Essay Ending with a Quote by William Gibson
I think one of the hard things about poetry is that there’s not very much to do, in a direct or actual sense. You can be a more or less fully functioning and productive poet in about 30 minutes a day, most days, and most days, putting in more time would be a waste of sunshine and would not produce anything better than what already happened. Any poet with halfway decent work habits can finish more poetry in five years than could be read in twenty. So what’s to do with all the free time?
I may be letting the cat out of the bag here, and I apologize to my poetry peers for that. We poets, as a group, would like for it to be known that we are entirely swamped, yall. The demands of the world are too much on us, and if yall the world had a shred of conscience, you would stop bothering us with your picayune demands for love and the rent, et al.
So it’s hard some days; I roll out of bed and have hardly rinsed the crust of sleep off me before boom! another poem has appeared, in full and intransigent glory, and now I have three hours to kill until lunch.
Me, I have been so desperate for something to fill the ginormous blocks of time between poems that I have at times chosen work, and other related pursuits, that I am vocationally obliged as a poet to affect to despise as a totally bourgeois intrusion upon my liberty.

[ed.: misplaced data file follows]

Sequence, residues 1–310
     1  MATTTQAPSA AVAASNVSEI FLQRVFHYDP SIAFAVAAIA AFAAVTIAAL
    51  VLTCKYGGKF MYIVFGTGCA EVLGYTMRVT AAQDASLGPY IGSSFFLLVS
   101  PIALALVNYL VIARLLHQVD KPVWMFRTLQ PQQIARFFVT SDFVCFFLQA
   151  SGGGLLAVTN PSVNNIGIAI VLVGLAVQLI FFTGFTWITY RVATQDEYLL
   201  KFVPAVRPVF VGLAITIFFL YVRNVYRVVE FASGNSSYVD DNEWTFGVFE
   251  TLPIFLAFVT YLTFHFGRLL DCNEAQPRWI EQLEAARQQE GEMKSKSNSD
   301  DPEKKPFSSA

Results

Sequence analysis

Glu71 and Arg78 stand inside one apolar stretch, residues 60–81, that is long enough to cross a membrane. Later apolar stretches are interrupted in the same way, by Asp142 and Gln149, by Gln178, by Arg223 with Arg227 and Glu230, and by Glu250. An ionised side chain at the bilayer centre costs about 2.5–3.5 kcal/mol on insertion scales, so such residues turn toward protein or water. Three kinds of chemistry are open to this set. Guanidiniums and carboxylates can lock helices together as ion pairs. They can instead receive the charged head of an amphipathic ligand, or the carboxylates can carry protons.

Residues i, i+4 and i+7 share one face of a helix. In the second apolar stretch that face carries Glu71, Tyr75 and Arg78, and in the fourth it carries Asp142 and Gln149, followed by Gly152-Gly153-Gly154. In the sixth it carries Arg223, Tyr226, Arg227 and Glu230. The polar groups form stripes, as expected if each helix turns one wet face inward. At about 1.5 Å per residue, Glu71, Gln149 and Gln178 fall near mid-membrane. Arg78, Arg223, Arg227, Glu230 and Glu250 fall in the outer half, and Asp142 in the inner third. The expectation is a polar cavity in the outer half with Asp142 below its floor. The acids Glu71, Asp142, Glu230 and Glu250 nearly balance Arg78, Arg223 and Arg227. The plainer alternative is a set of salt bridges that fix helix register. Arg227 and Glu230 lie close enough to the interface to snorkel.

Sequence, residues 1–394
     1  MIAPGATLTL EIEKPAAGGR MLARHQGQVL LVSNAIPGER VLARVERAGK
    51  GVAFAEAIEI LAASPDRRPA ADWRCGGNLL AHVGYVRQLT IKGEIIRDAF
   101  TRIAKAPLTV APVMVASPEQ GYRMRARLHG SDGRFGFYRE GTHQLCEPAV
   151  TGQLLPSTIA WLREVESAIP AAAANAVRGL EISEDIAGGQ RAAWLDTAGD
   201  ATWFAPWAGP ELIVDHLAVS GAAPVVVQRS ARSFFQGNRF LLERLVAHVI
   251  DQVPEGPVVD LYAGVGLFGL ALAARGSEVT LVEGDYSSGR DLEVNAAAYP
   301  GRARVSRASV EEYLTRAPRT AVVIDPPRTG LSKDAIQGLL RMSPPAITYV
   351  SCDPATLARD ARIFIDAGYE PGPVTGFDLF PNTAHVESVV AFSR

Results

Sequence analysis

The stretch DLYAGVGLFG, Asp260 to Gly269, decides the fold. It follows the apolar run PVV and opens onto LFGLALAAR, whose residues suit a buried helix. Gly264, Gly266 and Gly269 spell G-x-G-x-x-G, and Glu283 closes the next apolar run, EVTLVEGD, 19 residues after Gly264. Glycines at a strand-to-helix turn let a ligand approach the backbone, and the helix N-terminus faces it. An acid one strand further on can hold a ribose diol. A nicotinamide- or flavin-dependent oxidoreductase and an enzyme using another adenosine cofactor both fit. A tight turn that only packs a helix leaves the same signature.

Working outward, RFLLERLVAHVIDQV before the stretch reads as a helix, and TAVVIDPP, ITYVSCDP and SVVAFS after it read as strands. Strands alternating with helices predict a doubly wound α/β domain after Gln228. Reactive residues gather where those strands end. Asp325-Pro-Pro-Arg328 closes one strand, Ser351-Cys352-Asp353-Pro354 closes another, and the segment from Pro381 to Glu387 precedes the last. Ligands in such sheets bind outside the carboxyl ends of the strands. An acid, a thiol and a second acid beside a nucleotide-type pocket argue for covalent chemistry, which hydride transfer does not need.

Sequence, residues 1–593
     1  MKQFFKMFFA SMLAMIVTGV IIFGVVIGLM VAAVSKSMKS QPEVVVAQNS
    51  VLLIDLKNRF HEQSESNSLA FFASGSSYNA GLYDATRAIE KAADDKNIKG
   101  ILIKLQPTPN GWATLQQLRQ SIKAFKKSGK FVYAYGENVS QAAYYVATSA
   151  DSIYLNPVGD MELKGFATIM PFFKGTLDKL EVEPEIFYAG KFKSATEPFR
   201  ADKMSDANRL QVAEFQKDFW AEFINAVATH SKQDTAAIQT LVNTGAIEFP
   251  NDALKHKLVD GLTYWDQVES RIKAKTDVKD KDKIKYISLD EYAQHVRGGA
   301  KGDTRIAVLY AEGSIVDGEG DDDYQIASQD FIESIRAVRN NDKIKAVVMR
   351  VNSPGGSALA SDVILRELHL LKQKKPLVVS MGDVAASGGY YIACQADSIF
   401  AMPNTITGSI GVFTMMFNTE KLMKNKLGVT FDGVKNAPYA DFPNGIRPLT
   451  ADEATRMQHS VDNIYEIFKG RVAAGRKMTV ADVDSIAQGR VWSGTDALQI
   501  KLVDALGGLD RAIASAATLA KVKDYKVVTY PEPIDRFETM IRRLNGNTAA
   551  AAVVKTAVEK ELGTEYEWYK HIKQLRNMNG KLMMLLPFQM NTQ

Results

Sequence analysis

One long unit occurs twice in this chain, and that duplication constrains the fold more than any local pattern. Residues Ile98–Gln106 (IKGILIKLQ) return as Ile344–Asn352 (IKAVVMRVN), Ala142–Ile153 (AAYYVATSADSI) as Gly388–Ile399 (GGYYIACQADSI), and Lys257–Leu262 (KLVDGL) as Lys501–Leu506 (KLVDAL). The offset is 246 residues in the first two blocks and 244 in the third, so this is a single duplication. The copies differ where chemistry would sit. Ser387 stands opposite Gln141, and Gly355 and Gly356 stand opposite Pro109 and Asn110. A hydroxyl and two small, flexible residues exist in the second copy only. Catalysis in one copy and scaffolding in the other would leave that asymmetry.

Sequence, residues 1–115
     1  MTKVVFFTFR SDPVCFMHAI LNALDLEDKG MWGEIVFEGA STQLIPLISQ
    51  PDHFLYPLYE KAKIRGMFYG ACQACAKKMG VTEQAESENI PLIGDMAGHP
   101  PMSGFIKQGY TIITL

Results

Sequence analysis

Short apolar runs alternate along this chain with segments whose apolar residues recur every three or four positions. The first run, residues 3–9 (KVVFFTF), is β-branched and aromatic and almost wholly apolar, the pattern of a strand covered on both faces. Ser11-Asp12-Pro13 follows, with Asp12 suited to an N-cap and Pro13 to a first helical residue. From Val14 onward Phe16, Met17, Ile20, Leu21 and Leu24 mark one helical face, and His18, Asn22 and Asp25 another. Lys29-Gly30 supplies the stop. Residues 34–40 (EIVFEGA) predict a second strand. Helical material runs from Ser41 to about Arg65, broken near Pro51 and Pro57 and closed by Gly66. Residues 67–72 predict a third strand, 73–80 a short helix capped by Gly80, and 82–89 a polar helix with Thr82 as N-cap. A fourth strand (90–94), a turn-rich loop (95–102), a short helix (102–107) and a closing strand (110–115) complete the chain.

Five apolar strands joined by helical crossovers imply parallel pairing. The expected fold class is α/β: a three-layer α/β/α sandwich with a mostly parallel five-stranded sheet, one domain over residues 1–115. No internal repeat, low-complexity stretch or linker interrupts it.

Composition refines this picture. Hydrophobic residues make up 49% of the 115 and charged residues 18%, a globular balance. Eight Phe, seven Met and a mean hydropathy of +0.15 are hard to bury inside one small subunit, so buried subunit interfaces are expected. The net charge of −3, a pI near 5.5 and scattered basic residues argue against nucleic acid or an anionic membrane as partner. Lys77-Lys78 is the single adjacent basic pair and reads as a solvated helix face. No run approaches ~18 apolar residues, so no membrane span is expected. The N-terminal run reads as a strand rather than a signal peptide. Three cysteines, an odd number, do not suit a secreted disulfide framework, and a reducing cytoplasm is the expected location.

This may seem at odds with what you have heard from other poets, or even said yourself regarding the writing of poetry and time. But please take my word it: they are not to be taken seriously, these goldbricks who cry for more time. They have too much time already, and you know they do, because you can hear them every day, querying the hive mind about what show to binge watch next. The world should be your show, dipshit -- get out and star in it.
“I suspect I have spent just about exactly as much time actually writing as the average person my age has spent watching television, and that, as much as anything, may be the real secret here.” -- William Gibson, Source Code
A native of Jones County Miss., Buck Downs’ latest book is TACHYCARDIA, available from Edge Books. His chapbook Shiftless(Harvester) was recently published by above/ground press. Buck is the poetry editor of Boog City, and works at Bridge Street Books in Washington, DC.
Photo by Michael Geffner/The Inspired Word NYC